Sharing Experiences, Recognizing Unique Perspectives, Building a More Inclusive Workplace

Sometimes, issues people face might not even cross someone’s mind until they are in the same situation and feel the impact. It’s helpful to have ongoing conversations to share our experiences, and in turn, recognize someone else’s experiences. Even if their reality is not your reality, it’s essential to come from a place of understanding. Recognizing that everyone has a unique perspective is when real change will happen.

George Floyd’s murder last summer was a catalyst for change across the country, including HealthEdge. Our Human Resources team initiated individual and group conversations with the African American employees to share our experiences, feelings, and how the company could do better. These were raw conversations. Everyone listened. Similar to what was happening across the country, these conversations led to a broader, thoughtful dialogue that could focus on how a company can influence societal change.

We needed a safe forum to create more conversations about diversity and inclusion and sharing our experiences. It was clear that the HealthEdge leadership cared and did not want diversity and inclusion to just be a moment or hot topic. They were invested in taking steps to make a change and do it the right way.

HealthEdge signed the Mass TLC Compact for Social Justice aimed at increasing diversity programming and training, self-reporting demographic information, and expanding their talent acquisition pipeline resulting in more diverse hires.  

After a few meetings, we decided to add more structure to these discussions and open them up to everyone. This sparked the idea for IBelongHE, an internal group that has regular, open conversations about diversity, equity, and inclusion. I serve as the employee champion of IBelongHE to ensure our employees feel heard and have a voice in charting our path forward to real change.

We’re making progress with the monthly IBelongHE meetings and recently launched a speaker series bringing in outside experts to guide our company in tackling such topics as unconscious bias that help us think of others’ perspectives and experiences.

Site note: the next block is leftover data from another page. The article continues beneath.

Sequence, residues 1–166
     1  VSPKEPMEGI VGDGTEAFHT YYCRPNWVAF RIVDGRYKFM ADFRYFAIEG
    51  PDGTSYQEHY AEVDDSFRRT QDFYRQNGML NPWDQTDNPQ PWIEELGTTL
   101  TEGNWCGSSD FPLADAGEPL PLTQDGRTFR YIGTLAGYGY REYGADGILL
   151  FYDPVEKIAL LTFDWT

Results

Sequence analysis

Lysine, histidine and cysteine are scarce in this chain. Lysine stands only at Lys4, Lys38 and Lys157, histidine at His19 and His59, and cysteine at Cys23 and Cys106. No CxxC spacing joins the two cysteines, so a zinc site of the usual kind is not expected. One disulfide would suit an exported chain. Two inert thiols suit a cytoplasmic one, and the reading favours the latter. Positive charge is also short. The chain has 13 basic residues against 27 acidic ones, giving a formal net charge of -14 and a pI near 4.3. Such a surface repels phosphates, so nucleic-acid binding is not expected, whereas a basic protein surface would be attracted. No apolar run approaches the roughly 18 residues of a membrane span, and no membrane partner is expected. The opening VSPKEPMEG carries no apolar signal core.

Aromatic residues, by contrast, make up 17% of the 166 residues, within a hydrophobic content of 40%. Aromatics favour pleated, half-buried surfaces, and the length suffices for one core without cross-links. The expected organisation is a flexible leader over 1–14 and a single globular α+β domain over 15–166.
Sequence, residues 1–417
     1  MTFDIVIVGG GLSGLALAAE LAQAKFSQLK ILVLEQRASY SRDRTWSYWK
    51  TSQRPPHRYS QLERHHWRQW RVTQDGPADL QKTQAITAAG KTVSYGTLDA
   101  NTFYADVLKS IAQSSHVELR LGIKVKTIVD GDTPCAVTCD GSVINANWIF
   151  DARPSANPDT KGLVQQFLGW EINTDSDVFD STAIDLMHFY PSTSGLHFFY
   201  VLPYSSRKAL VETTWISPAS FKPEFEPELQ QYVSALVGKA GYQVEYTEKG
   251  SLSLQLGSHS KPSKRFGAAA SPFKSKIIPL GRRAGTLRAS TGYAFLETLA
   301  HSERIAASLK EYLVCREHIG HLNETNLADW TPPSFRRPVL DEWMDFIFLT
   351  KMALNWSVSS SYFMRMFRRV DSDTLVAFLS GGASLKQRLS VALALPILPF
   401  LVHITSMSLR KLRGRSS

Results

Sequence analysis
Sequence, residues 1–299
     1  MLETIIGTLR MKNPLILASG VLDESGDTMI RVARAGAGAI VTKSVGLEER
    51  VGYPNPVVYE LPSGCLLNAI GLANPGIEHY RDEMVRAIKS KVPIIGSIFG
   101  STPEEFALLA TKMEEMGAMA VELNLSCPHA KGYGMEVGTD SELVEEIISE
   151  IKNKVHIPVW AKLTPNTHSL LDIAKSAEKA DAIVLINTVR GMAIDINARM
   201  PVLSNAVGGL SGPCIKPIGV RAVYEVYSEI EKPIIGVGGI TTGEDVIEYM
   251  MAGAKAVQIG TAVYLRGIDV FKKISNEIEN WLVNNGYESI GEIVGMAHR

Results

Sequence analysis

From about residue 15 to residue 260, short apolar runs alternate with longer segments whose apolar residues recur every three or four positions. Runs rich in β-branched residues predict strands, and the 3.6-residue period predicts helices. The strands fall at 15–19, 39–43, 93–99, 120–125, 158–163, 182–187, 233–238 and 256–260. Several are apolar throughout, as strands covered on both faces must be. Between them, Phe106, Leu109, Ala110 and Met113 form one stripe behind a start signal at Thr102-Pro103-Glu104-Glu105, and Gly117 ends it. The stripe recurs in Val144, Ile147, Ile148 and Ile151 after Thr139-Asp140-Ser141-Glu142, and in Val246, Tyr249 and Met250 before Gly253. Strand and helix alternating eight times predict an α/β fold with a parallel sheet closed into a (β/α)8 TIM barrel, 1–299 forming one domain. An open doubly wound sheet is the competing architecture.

Our work is not yet done.  The first step is acknowledgement followed by making a plan to do better. We’re best served by being thoughtful and purposeful in what we’re doing. We will continue to have conversations, learn from each other, and move toward being a more diverse and inclusive workplace.

About the Author

Tanya Bell

Tanya Bell, Business Consultant, HealthEdge

Tanya Bell is a Business Consultant at HealthEdge, with 21 years in the Healthcare Industry. Tanya has primarily been a consultant, specifically in a Business and/or IT and Configuration Analyst over the past 10 years. Tanya has directly supported claim system implementations, system upgrades, open enrollment and benefit configuration, and staff augmentation projects. Tanya has also contributed on cross-functional teams as an SME for Claims Processing, Provider Contracts, QA and Testing. Rounding out her experience she has managed several departments within Operations which included Claims and Customer Service. Tanya has been named Chair/Champion of the DE&I Committee IBelong at HealthEdge and also serves as Chair on the Board of Directors of Pure Potential Enterprises. In her spare time, when not spending time with her family, she enjoys cooking and is obsessed with crochet and knitting projects and all things sports!


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HealthEdge was named to Boston's 2020 Best & Brightest Companies to Work For® award, three years in a row, Boston Globe Top Places to Work, and Top Places to Work in the Nation in 2021

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